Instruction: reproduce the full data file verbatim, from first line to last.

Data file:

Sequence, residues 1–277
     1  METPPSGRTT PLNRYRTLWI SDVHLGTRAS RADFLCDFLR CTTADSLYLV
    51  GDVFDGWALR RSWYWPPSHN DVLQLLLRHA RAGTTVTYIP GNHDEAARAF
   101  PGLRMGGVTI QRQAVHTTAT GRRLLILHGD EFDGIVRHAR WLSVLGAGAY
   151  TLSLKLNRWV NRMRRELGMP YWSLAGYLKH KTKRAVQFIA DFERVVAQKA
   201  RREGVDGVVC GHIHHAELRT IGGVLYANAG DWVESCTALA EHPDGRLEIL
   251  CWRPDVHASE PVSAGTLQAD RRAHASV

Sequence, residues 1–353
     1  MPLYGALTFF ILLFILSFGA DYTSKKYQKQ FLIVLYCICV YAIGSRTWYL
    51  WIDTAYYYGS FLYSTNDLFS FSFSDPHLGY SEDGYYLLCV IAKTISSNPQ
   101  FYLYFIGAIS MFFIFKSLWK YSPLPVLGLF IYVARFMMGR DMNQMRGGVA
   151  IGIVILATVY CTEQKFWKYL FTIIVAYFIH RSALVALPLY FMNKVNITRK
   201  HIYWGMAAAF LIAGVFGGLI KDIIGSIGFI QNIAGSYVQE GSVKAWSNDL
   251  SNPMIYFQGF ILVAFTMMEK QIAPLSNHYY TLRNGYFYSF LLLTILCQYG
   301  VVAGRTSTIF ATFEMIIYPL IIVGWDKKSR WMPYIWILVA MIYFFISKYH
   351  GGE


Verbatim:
Sequence, residues 1–277
     1  METPPSGRTT PLNRYRTLWI SDVHLGTRAS RADFLCDFLR CTTADSLYLV
    51  GDVFDGWALR RSWYWPPSHN DVLQLLLRHA RAGTTVTYIP GNHDEAARAF
   101  PGLRMGGVTI QRQAVHTTAT GRRLLILHGD EFDGIVRHAR WLSVLGAGAY
   151  TLSLKLNRWV NRMRRELGMP YWSLAGYLKH KTKRAVQFIA DFERVVAQKA
   201  RREGVDGVVC GHIHHAELRT IGGVLYANAG DWVESCTALA EHPDGRLEIL
   251  CWRPDVHASE PVSAGTLQAD RRAHASV

Sequence, residues 1–353
     1  MPLYGALTFF ILLFILSFGA DYTSKKYQKQ FLIVLYCICV YAIGSRTWYL
    51  WIDTAYYYGS FLYSTNDLFS FSFSDPHLGY SEDGYYLLCV IAKTISSNPQ
   101  FYLYFIGAIS MFFIFKSLWK YSPLPVLGLF IYVARFMMGR DMNQMRGGVA
   151  IGIVILATVY CTEQKFWKYL FTIIVAYFIH RSALVALPLY FMNKVNITRK
   201  HIYWGMAAAF LIAGVFGGLI KDIIGSIGFI QNIAGSYVQE GSVKAWSNDL
   251  SNPMIYFQGF ILVAFTMMEK QIAPLSNHYY TLRNGYFYSF LLLTILCQYG
   301  VVAGRTSTIF ATFEMIIYPL IIVGWDKKSR WMPYIWILVA MIYFFISKYH
   351  GGE